Jul 28, 2014

Why Inglorious Fruits and Vegetables are Important

Not long ago, I was on a gardening forum where someone asked if it was okay to eat produce with holes in
it. "My family says no, because bugs have been eating it," the man typed. This received a variety of replies, but only one respondent typed what I was thinking: "Well, if you don't want to eat veggies with holes nibbled in them, you can go and buy some poison, sprinkle it on your food, kill all those nasty bugs, and you'll have 'perfect' little veggies to eat."


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Last year, my mom- and sister-in-law attended a class on orchard keeping. At the beginning of the class, the teacher asked everyone to come forward and choose an apple from a box on his desk. When every student had done so, all the perfect-looking apples were gone, and all the imperfect apples - those that were misshaped or had worm holes - were left in the box. "Until this changes - until people start choosing and buying produce that's less than perfect, organic food will not become the norm," the teacher said.

* * *

Did you know that in the U.S., 40 - 50% of all food that's ready for commercial harvest never gets eaten? Some of this is due to modern methods of harvesting - machines that don't take corners well, for example. (Which, incidentally has lead to a rise in the biblical practice of gleaning - not a bad thing!) But a good portion of that is food that's misshapen or otherwise considered imperfect - for example, carrots with two or more roots - and are just thrown away.

* * *

Last week, I saw an encouraging news story. In France, one supermarket chain is putting an end to this kind of food waste - and helping consumers reduce their food bills, too. They are taking all that imperfect produce ("inglorious fruits and vegetables," they call them) and putting them on their shelves at reduced prices. And the French are eating them up! So much so, the chain is having trouble keeping enough "inglorious" produce in stock.

And while the news story doesn't mention it, the acceptance of less than perfect produce opens the door wide to more - and more affordable - organic produce. Why? Because organic practices lead to more bug nibbles - and because an item like a perfect-looking organic apple takes many more man hours to produce, and therefore costs much more than conventionally grown apples.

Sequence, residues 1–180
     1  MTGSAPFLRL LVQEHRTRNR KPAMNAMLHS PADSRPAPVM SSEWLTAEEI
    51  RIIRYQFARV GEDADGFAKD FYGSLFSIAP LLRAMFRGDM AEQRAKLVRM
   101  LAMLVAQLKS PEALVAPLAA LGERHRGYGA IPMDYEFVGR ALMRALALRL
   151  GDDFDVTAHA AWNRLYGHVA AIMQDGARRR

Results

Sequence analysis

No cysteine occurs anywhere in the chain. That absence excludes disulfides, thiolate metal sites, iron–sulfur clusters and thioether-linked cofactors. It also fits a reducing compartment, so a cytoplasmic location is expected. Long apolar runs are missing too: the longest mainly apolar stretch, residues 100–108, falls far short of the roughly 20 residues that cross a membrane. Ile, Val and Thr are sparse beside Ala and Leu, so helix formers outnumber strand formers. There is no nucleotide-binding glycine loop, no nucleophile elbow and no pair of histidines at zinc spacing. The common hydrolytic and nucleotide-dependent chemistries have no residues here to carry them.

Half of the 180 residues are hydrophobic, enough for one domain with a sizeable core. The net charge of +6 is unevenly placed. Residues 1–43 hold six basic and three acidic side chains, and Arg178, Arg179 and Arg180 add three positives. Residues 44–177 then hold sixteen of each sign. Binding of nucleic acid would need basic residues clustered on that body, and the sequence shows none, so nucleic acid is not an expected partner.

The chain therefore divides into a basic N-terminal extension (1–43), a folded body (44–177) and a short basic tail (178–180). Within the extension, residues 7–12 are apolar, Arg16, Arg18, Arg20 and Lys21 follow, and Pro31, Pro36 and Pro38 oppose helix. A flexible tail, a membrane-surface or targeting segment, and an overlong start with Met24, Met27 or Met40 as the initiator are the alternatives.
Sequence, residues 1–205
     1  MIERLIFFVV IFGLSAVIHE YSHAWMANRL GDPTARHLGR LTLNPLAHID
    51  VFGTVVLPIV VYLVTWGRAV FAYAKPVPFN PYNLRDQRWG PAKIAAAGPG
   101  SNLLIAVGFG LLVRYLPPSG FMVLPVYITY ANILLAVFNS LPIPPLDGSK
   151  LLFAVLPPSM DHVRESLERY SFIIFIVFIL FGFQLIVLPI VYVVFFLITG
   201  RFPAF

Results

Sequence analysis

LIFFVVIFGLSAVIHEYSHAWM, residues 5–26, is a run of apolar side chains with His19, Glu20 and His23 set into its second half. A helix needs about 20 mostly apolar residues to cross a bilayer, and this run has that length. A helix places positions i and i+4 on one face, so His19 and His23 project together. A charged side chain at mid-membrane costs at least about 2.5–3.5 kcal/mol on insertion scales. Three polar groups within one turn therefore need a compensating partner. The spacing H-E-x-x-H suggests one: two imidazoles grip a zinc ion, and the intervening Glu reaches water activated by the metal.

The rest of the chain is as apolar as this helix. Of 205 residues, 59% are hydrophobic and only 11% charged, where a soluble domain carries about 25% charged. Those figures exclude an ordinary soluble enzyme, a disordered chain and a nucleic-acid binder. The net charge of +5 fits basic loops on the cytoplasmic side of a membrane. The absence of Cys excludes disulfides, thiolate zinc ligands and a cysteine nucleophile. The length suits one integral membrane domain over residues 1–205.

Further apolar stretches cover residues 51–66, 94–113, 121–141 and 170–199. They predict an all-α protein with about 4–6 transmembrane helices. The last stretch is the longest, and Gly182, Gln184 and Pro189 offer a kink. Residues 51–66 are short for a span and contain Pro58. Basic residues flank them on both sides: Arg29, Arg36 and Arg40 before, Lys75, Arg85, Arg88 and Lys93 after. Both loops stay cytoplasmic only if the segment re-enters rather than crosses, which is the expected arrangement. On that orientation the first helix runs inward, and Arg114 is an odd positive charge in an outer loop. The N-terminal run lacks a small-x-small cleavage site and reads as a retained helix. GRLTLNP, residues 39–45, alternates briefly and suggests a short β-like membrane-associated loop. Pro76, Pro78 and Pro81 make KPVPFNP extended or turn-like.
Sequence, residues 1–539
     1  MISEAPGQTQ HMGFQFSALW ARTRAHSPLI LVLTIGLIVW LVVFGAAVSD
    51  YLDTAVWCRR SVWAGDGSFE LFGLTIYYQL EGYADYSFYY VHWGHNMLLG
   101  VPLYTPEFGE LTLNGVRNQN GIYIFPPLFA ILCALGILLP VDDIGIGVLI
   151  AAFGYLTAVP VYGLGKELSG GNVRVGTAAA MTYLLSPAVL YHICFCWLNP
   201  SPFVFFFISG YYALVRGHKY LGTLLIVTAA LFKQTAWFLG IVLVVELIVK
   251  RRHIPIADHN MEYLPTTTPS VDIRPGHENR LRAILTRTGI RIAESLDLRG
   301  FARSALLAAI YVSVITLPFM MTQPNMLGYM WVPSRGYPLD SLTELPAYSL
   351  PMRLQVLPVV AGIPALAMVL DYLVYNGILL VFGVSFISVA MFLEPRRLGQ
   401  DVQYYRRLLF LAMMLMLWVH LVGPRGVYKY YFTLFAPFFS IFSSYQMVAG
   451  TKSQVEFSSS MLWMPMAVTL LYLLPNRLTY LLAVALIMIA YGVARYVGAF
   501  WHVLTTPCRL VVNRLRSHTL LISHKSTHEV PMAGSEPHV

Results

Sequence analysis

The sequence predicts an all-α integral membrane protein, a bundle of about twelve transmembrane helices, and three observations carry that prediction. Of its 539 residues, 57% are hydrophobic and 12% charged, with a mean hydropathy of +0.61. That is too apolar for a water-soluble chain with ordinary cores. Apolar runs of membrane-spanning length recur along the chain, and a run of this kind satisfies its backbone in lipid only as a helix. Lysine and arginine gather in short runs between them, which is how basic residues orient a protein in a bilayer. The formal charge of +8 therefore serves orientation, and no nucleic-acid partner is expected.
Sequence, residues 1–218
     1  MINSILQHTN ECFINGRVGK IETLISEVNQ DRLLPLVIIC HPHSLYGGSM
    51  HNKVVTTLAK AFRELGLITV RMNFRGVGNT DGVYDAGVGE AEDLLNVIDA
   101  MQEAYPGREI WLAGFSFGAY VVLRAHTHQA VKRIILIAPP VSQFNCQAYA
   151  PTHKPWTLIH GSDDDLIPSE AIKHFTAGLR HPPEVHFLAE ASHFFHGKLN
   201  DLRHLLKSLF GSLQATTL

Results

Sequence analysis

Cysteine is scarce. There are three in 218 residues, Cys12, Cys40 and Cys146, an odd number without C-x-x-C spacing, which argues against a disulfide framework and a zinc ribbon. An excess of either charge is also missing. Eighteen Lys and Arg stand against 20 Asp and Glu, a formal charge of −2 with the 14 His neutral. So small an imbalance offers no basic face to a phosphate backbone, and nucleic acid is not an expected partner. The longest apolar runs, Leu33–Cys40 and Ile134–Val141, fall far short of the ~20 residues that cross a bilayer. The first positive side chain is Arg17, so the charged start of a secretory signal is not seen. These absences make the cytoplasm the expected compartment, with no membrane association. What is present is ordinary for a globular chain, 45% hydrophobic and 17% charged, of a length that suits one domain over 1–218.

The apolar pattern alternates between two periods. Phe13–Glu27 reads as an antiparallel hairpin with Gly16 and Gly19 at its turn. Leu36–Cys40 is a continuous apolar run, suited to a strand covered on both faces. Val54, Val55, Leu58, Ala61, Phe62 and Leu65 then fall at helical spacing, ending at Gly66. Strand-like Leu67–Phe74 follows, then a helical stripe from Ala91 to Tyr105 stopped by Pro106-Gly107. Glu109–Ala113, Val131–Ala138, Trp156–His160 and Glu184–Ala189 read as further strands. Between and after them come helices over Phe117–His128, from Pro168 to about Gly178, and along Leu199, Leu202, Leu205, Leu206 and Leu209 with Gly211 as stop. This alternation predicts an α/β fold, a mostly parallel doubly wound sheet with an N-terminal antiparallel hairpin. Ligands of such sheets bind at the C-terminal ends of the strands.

What do you think? Are you willing to eat imperfect food in order to end food waste and make organic more affordable?

4 comments:

  1. I think I'm more willing to do it than other members of my family. Of course, when I'm growing my own tomatoes, I'll keep ones with blossom-end rot for saucing--I just cut the affected area off.

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  2. We have always gardened and are used to just cutting away any bad parts. Last week I bought the imperfect peppers marked down at the farmer's market and was able to buy more that way. We as humans aren't perfect, what gives us the mindset that everything around us is supposed to be?

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  3. I am willing to eat less than perfect produce. One time I went to the grocery store and they had some cilantro spoiling, good black. I offered to buy all they had for half price. You know what the manager told "Sorry, can't do that." So I guess they rather have the spoiled food on the shelf than sold. :( Some managers are just not smart. (Don't have to buy cilantro anymore. Thanks to you I am now growing my own!)

    BTW, I made your chocolate cake with zucchini recipe. It was so good BUT instead of zucchini I used my crooked neck yellow squash. I also used 1 cup of butter, didn't use the olive oil at all. It turned out great. A tip for anyone wanting to try: make sure you grate your veggies in the finer grater. I used a handy grater and grated the veggies on the coarser side. You could see the veggies when you put it in the batter. I was afraid that it would be seen once the cake was baked. Not so! But for safe measure, if you have picky eaters, grate the veggies on the fine grater. :)

    You awesome recipe was a birthday cake!! :) TFS!!

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  4. Tereza, some stores will give away produce that's spoiling, or so I hear. Ours gives it to a company that turns it into compost and they flat won't give it to shoppers. They probably have a contract with them that prevents them from donating the food elsewhere.

    GREAT news about the summer squash cake! Thank you for letting me know how it turned out. I will quote you in the original recipe post :)

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